Despite budget uncertainty, Tourism offers raise
Dec 26, 2007 | 0 0 comments | 3 3 recommendations | email to a friend | print
Though an apparent misconception by members of the tourism commission interpreted a projected $5,000 shortfall in the 2008 budget as a gain, hourly employees of the commission will still receive a three percent raise in the coming year.

Commissioner Greg Batts said, “We’re projecting a loss of $5,000 if our projected income is $147,000 and our expenses are $152,000”

Fellow Commissioner Alan Watts said that the commission had $70,000 left in accounts from this year and could afford to pay employees.

Chairman of the Board John Rufli said, “The budget last year showed us with a $22,000 shortfall and now we have a surplus. Maybe the budget making process needs to be looked at.”

Batts added, “It’s nice to give a raise but if we are losing money, we can’t be responsible fiscal overseers and do this.” He said that as manager of the hired personnel Director Bill Stevens should be responsible for setting the range of the raise.

Commissioner Mallory Lawrence said that having worked only since October, Stevens might not be familiar enough with the performance of the three hourly workers to properly evaluate their performance, and moved to give up to three percent for the three workers. Batts added a stipulation to the motion that Stevens should evaluate the staff for future raises.

“If we have good employees, they may not continue to work without raises,” said Commissioner Lisa Rogers. “They need some incentive to continue to work.”

Rufli said that the commission withheld raises in 2007 given the uncertainty of collection of transient room taxes from Lake Barkley State Resort Park while the facility underwent renovation. The closure of the park contributed to the conservative budget estimates for 2007 as well. He proposed revisiting the budget quarterly to evaluate what programs should be included or eliminated from the commission’s marketing plans.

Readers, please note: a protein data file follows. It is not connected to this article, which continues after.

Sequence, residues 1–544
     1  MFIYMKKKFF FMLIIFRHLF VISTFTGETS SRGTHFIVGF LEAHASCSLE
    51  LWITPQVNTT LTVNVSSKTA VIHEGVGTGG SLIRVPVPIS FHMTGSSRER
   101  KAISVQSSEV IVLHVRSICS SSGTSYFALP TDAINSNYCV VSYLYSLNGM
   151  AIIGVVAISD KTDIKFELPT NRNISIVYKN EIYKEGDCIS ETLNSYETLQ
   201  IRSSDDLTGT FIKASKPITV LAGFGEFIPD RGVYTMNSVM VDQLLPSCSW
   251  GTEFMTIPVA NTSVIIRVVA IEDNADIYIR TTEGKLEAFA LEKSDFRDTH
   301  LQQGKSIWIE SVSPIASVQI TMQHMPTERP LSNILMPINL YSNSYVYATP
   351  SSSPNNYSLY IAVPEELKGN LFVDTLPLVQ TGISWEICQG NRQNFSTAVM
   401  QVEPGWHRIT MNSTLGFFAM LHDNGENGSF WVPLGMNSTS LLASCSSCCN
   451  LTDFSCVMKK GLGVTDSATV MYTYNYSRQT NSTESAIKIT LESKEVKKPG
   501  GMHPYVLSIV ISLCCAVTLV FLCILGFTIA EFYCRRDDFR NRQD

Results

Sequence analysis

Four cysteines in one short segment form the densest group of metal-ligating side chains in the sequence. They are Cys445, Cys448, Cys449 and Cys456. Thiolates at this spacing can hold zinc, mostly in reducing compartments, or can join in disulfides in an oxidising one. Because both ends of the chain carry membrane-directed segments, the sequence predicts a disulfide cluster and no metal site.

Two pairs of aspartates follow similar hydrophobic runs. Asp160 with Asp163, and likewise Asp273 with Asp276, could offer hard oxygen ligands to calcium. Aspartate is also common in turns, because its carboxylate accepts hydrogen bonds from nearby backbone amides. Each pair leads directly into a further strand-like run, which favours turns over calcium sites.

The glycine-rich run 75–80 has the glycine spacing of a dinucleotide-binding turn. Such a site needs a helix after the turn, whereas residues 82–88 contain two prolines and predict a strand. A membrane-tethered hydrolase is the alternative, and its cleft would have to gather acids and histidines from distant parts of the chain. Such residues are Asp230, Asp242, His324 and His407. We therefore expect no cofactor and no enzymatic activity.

“At the end of they year, we should spend every bit of our money to get tourists to visit,” said Commissioner John Bryant.

Rufli said the commission should carry a reserve for emergency maintenance and other opportunities.

The commission passed the raise and tabled further discussion on the budget to allow Stevens to amend it to reflect the raise and further evaluate income and expenditure projections for next year.

During the meeting, the commission selected officers for 2008. Rufli will continue to chair the panel while Lisa Rogers will serve as secretary. Bryant will serve as treasurer for the board.

The commission reviewed the Downtown Merchants’ Association’s proposal to update the billboard on Interstate 24 in Clarksville, Tenn. near the state line. The association hopes to gain 80 percent of the $8,000 cost of the sign through matching funds through the commission’s affiliation with the Kentucky Department of Tourism. The Merchants’ Association plans to pay the 20 percent balance themselves.

The new sign resembles the current, advertising six antique malls, specialty shops and lists the exit number and mileage to reach Cadiz. It refers to Cadiz as a “Ky. Renaissance City” and bears the Kentucky “Unbridled Spirit” logo to qualify for the funding. Deleted is a reference to the Janice Mason Art Museum.

“I feel like Cinderella because there is nothing about the Lakes or the Land Between the Lakes, which are our two biggest draws,” said Batts. In previous discussions, Batts was critical of funding the sign with matching grants without references to businesses other than the antique shops. He operates the Prizer Point Marina and Campground.

Rufli added, “I feel like if tourism is matching funds, it ought to refer to more than antique shops.”

“I often hear visitors say that they ate at McDonald’s because they did not know that there were other restaurants downtown,” said Bryant who owns the downtown restaurant Hot Diggity Dog. He also asked if it would be possible to hire the entire sign, rather than the half used now. He said that the perception is with the split sign, visitors associate the information on the bottom half with Cadiz and may get the wrong impression about proximity and attractions.

Rogers said that the Merchants’ Association had lost members due to the emphasis on antique shops.

Rufli agreed with the commission that the association should revise its plan before submitting for matching funds.

For the full story on county tourism, read this week's Cadiz Record.
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